Aubrey Bailey, PT, DPT, CHT  is a physical therapist with over 20 years of experience in a variety of healthcare settings.
Renee Nilan, MD, is a board-certified emergency medicine physician and works as an attending physician at SHBH Canton Emergency Department.
Type 2 diabetes is caused by excessively high blood glucose (sugar) levels. Glucose provides energy to cells throughout the body. Insulin, a hormone produced by the pancreas, helps glucose enter cells. Type 2 diabetes occurs when your body no longer responds to insulin appropriately (insulin resistance) or doesn’t make enough insulin. Checking blood sugar levels at home is vital for managing diabetes and helping to prevent diabetic complications.
This article discusses how to check your blood sugar at home, interpret your results, and why this is an important habit when you have type 2 diabetes.
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Type 2 diabetes is diagnosed through blood tests, such as:

Monitoring blood sugar is vital for helping to prevent serious health conditions that can develop from type 2 diabetes, such as:
If you've been diagnosed with type 2 diabetes, you should monitor your blood sugar several times each day at home.
Blood sugar levels can be checked intermittently with prick tests (using your finger, or other areas of the body) or with continuous glucose monitoring.
Blood glucose levels are commonly measured with a device called a glucometer using a few drops of blood—typically obtained by pricking a fingertip. However, other sites can be pricked, including the thigh, calf, forearm, palm, or upper arm.
A tiny needle called a lancet is used to pierce the skin. A small amount of blood is placed on a test strip and inserted into the glucometer. The device then displays your current blood sugar levels in milligrams of glucose per deciliter of blood (mg/dl).
Continuous glucose monitoring (CGM) is achieved through a small sensor implanted just under the skin—typically in the upper arm or belly. This device measures glucose levels in fluid between your cells every few minutes, 24 hours per day. This information is sent to your phone or a separate device, such as an insulin pump.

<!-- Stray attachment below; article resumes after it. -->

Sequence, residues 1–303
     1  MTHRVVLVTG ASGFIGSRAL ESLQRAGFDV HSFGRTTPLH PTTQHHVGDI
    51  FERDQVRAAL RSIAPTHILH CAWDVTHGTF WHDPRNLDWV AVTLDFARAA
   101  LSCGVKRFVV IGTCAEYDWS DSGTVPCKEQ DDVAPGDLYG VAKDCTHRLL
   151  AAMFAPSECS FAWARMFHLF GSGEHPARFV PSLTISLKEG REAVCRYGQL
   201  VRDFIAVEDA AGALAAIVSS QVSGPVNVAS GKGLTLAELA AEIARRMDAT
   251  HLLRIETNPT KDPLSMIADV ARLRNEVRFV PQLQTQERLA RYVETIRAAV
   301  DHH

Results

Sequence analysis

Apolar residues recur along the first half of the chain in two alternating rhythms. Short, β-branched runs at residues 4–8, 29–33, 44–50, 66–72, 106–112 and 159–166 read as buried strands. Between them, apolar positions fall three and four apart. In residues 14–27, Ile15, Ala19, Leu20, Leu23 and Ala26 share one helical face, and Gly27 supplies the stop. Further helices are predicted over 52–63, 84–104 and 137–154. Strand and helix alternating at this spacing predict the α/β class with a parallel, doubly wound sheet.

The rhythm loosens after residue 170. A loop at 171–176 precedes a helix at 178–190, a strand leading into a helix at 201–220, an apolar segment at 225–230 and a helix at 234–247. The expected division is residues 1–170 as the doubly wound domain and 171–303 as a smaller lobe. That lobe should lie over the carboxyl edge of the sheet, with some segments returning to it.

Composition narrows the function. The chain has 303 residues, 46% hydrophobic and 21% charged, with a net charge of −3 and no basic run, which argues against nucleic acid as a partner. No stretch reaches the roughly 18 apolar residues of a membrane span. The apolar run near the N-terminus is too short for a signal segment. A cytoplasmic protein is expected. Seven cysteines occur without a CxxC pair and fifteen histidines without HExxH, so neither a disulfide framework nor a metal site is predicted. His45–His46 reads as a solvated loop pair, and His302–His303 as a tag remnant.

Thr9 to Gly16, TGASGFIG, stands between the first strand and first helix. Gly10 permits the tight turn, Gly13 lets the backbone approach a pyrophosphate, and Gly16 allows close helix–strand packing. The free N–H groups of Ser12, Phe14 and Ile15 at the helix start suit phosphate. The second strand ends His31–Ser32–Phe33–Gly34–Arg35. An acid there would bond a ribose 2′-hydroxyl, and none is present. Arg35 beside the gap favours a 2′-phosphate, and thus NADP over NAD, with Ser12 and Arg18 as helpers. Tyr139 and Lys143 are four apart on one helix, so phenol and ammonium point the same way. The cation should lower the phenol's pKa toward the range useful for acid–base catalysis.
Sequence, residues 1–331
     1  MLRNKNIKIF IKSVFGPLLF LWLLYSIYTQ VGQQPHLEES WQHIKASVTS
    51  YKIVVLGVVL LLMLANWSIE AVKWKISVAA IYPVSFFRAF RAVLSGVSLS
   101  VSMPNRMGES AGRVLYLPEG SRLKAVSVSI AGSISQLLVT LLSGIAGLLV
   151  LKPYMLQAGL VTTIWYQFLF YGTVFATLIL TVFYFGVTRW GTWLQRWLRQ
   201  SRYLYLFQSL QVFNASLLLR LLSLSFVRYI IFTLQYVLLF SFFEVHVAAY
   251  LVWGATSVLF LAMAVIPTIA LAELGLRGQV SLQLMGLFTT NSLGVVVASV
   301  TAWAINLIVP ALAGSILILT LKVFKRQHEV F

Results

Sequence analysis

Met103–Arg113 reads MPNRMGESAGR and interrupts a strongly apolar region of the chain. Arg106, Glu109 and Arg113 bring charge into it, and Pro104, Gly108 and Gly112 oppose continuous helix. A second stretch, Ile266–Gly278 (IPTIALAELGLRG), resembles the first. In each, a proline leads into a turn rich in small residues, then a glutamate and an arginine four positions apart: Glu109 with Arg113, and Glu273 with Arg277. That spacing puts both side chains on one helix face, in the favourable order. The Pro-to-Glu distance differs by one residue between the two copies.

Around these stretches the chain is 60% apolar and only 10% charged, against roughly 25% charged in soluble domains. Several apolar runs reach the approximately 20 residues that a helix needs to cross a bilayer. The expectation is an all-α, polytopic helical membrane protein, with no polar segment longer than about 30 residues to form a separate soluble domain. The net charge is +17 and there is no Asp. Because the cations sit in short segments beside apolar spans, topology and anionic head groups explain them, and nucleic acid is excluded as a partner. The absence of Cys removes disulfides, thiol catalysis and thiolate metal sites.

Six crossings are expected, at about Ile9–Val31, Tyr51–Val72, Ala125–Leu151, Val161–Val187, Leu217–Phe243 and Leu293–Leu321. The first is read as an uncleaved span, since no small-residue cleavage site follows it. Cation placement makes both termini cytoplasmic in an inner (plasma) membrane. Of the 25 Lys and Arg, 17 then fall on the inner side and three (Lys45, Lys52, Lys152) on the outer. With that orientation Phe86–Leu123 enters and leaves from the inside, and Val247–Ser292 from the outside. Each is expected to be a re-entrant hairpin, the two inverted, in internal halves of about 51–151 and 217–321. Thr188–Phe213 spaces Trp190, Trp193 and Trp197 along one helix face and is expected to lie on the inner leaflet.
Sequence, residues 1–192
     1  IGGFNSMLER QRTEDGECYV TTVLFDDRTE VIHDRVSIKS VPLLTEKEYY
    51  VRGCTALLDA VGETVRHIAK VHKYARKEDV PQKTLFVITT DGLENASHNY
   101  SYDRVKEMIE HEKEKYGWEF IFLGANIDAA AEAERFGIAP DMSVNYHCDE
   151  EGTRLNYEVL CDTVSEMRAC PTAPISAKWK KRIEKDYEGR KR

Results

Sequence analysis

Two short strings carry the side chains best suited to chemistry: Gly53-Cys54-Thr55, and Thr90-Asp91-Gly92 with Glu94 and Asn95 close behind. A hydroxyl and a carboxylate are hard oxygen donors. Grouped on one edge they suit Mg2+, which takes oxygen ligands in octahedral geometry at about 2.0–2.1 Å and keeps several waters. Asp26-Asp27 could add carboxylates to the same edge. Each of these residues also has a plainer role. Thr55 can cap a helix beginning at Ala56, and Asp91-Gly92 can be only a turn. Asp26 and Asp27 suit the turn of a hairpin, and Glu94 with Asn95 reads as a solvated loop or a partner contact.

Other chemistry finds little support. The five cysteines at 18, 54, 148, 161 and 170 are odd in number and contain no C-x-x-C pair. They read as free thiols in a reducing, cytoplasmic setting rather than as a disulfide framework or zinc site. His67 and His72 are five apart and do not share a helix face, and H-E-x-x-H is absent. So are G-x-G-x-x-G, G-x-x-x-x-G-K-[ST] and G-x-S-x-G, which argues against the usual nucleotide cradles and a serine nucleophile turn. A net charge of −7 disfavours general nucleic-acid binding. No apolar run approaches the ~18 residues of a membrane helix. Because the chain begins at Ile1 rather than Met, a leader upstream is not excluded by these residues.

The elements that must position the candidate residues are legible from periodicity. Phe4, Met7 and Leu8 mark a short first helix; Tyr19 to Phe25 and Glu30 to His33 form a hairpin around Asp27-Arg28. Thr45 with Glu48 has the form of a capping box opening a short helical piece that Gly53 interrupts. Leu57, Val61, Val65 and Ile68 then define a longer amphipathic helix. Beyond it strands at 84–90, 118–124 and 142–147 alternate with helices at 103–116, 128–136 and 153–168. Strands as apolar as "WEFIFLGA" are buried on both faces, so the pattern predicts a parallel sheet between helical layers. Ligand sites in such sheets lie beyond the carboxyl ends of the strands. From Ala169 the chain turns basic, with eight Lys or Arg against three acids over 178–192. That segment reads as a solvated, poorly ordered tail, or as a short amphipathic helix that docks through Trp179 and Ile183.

Continuous glucose monitoring devices can alarm you when blood sugar levels are too high or too low, which can help you avoid an emergency. However, these devices are expensive, and results still need to be confirmed twice daily with a traditional finger prick test.
If you have symptoms of type 2 diabetes, talk to your healthcare provider. These can include:

Although there are general guidelines for how and when to test your blood sugar, you should always follow the specific instructions given by your healthcare provider.

Blood sugar can be checked anytime, especially if you feel like it might be too high or too low. However, in general, blood sugar levels should be checked:
It's also a good idea to check your blood sugar before and after exercise.
Many factors can affect the accuracy of your blood sugar test results, such as:
Be sure to follow your testing instructions closely and dispose of testing products that are expired or not working properly.
In addition to blood tests, blood glucose levels can be tested using urine or cerebrospinal fluid samples.
Your healthcare provider will determine your specific blood glucose target levels. However, in general, blood sugar should be between 80 and 130 mg/dL before a meal and less than 180 mg/dL two hours after you eat.